Category Archives: Faiz Ahmed Faiz

Letters of Love – Faiz Ahmed Faiz


I am sorry I was not able to write last week. We were all rather busy as Manzoor Qadir was here and lots of things had to be gone into. It was nice to see him even though we could hardly exchange a word beyond legal discussion of the case. I could not even send my greetings to our friend Asghari and you can do it for me.

Original Letter dated May 23, 1952. Faiz wrote from Hyderabad Jail to his wife Alys.

I am very much behind in my correspondence with you because I have had three letters from you but that leaves me feeling richer and happier although a trifle ashamed. I shall try to make myself even if I can. One reason for not writing, strange as it may seem, is the intense nostalgia that the present here inspires for things that one holds and has held dear. These nostalgic day dreams are so tender and pleasant and warm that one does not feel like disturbing their flow. You will say that this is my typically mean way of justifying laziness and self-indulgence and I know that you are right. I think I have written before that prison life does accentuate petty selfishness. I have never understood that psychology of purdah women as well as I do now. It is the normal psychology of a prisoner.

I understand the pettinesses, the preoccupation with small grievances that seem to occupy the whole universe, the oblivion to larger impersonal issues, the selfishness and the self-pity, the spitefulness and the temper, the silliness and the servility, spells of paralysis and feverish activity – all this is the usual concomitant of suppressed and confined living and not very easy for free people to understand.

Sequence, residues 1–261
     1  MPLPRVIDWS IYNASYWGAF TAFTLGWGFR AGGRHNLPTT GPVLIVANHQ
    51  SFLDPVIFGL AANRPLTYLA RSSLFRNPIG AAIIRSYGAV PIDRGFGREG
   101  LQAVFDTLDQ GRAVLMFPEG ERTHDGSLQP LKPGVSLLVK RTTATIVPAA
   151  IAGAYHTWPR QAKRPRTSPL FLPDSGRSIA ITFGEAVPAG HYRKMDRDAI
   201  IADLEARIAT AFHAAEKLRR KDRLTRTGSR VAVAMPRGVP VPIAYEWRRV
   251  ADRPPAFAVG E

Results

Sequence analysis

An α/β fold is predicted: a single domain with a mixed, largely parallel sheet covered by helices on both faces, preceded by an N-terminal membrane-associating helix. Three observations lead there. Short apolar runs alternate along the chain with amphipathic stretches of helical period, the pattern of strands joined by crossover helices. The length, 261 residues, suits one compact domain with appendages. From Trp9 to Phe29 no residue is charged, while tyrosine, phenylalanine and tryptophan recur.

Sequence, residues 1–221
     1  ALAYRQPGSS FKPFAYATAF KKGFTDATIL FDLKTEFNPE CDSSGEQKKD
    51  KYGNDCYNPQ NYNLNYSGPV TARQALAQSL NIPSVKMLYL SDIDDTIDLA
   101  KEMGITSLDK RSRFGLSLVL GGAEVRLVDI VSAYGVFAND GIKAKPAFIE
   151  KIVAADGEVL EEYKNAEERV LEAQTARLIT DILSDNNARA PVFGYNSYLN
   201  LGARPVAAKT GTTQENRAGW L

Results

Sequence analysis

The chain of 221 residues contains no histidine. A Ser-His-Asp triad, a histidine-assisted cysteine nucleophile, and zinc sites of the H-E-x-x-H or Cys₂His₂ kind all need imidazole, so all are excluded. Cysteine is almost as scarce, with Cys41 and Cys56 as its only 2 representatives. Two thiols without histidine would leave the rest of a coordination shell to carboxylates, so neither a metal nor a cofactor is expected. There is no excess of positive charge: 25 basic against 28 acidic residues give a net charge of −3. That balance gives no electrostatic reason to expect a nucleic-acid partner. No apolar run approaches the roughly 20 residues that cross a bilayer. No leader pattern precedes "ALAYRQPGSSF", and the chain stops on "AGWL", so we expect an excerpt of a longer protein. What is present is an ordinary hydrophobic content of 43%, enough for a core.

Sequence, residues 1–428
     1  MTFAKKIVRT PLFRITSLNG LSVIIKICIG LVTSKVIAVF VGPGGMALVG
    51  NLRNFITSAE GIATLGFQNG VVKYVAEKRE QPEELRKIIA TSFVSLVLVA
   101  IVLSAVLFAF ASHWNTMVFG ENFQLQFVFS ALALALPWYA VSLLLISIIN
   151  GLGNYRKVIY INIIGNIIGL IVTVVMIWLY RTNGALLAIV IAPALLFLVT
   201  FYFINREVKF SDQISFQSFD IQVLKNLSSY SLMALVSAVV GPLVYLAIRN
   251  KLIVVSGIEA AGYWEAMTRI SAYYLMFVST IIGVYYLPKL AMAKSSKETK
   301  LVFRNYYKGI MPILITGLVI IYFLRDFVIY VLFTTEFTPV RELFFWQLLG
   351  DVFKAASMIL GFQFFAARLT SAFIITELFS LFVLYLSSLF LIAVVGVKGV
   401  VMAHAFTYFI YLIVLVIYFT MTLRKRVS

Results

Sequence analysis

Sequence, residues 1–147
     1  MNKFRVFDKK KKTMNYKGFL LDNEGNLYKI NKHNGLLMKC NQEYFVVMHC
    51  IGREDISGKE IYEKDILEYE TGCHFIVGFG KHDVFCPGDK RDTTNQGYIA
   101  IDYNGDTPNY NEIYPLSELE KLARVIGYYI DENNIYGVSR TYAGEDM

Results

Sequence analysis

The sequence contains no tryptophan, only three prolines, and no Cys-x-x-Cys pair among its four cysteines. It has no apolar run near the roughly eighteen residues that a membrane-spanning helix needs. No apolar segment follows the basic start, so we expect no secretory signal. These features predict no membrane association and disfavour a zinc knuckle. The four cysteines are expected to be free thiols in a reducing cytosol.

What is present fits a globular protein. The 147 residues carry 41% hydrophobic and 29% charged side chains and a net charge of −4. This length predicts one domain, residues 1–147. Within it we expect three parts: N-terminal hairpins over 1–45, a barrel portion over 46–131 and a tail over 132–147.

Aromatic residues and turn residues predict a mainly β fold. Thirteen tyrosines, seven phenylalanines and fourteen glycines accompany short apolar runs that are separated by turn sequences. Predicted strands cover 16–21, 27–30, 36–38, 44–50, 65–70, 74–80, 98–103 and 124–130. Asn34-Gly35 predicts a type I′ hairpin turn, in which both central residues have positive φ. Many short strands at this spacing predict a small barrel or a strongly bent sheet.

Life has its surprises, however, even here. The other evening I switched on the Radio to listen to some Indian music from Delhi (what our own Radio calls music is no more than a collection of amateur screechings because real talent like Rafiq, Pukhraj, and Anwar etc: seems to be banned) and do you know what I got? You can never guess. Yehudi Menuhin, perhaps the greatest violinist of all times, playing Bach and Pagannini in the auditorium of the Indian Film Festival. It made me angry and jealous and sad when I thought about it later. This country is now nearly five years old and in five years we have not given the people one real exhibition of anything of beauty, of culture, of ennobling pleasure. And yet there has been no dearth of ‘tamashas’. But all that we can think of is to collect some silly old grey-beards from all over the world, make them talk a lot of bilge that no one cares a damn farthing about, give a few people an opportunity for lots of eating and lots of shouting and then forget all about it. India may be a bigger country but culture is not a matter of size but of the ways of living and thinking, and why should the people of this country not be given a chance at least to look at culture even if they can’t live in it. Anyway it will all come some day perhaps and perhaps I shouldn’t be talking about it.